STANDARDIZED TESTING PARCC (grades 9, 10, & 11) Partnership for the Assessment of Readiness for College and Careers Replaces HSPA Administered in March and May Students must pass PARCC or one of the other transitioning graduation requirements approved by the NJ Department of Education
STANDARDIZED TESTING NJ Biology Competency Test Administered in May Mostly grade 10 All students who are in Biology are expected to test unless they are in AP Biology
STANDARDIZED TESTING PSAT Administered in October All students in grades 10 and 11 Paid for by Pompton Lakes Board of Education Students with IEP’s or 504 plans can apply for modifications Score reports mailed home in December Score report includes test preparation suggestions for SAT
STANDARDIZED TESTING SAT Administered 7 times per year Students with IEP’s or 504 plans can apply for modifications Students register and take the test on their own Super-scoring 2-3 times between spring of grade 11 and fall of grade 12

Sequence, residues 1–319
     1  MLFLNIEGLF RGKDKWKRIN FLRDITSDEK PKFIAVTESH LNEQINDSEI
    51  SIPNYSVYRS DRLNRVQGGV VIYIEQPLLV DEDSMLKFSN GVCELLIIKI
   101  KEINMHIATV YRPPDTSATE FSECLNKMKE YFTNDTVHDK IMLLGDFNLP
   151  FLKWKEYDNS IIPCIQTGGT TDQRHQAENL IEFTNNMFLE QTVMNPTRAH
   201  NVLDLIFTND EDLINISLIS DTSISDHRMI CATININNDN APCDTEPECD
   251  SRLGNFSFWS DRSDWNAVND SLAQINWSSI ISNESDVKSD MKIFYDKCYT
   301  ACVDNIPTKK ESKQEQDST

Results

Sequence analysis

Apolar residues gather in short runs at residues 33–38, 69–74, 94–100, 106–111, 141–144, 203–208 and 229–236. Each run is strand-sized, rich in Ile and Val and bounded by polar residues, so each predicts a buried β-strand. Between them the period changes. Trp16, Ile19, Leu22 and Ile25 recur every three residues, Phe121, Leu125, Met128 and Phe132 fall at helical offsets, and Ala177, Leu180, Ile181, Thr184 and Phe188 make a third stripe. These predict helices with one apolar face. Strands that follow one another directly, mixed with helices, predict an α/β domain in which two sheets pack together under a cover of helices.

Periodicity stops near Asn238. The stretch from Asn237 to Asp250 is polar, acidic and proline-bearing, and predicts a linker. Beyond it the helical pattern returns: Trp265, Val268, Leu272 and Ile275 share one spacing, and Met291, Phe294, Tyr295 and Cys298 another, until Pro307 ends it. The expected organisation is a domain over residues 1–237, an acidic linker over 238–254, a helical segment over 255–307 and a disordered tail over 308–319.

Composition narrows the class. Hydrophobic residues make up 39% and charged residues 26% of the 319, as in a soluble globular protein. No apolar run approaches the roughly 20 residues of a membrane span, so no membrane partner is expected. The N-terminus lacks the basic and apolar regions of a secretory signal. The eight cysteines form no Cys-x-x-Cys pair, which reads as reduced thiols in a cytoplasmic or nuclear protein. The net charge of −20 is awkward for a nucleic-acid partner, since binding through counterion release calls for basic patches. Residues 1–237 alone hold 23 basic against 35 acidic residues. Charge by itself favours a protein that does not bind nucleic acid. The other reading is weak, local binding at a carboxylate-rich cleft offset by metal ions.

STANDARDIZED TESTING PSAT/SAT Redesign (Class of 2017) Elimination of writing section Optional essay Maximum score of 800 for critical reading and 800 for math Revised scoring procedures Revised content More information is available at
GRADES Parent Portal Parents and students must check the portal regularly Account access All text in blue is a link
GRADES All four years of high school count. All students have a planner that is paid for by the PTA. Students who struggle MUST go for extra help.
GRADES What is on a transcript? Final grades only for all completed courses Grade point average Rank in class Completed credits to date Graduation date
GRADES The Power of a Zero / 2 = 50 F / 3 = 67 D For every 0, a student needs 2 100’s to bring the average back to barely passing.
GRADES Three Failing Scenarios: Average falls below 65. F for quarters 3 and 4. F for more than 50% of the grading cycles.
GRADES Be careful: Health and Driver’s Ed Summer assignments Summer school